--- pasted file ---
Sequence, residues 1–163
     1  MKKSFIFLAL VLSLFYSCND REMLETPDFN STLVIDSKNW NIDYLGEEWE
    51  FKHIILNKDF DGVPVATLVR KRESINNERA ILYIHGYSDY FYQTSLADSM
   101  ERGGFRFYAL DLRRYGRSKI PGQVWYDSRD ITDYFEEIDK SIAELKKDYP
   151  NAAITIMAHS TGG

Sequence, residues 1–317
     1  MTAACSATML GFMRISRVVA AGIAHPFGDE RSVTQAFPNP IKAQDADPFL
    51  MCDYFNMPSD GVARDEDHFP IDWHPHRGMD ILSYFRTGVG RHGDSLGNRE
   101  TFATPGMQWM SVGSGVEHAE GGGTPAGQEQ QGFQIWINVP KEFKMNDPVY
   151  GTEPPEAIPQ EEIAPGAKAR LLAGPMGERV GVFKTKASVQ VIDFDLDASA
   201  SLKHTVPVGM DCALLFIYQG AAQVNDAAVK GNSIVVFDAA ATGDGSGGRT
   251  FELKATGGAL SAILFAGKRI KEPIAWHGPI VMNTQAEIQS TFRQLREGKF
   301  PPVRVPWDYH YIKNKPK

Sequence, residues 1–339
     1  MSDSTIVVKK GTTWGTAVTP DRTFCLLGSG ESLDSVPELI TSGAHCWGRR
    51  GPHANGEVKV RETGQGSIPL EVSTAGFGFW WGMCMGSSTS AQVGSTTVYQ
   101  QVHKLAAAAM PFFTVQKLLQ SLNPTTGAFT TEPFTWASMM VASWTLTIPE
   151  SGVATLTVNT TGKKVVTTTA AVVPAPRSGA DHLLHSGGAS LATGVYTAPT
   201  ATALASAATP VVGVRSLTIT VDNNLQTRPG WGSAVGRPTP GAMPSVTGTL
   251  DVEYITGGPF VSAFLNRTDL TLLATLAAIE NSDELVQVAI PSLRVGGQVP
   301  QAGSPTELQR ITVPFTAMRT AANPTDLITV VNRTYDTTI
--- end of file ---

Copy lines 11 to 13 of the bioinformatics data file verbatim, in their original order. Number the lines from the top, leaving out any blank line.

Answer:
   201  SLKHTVPVGM DCALLFIYQG AAQVNDAAVK GNSIVVFDAA ATGDGSGGRT
   251  FELKATGGAL SAILFAGKRI KEPIAWHGPI VMNTQAEIQS TFRQLREGKF
   301  PPVRVPWDYH YIKNKPK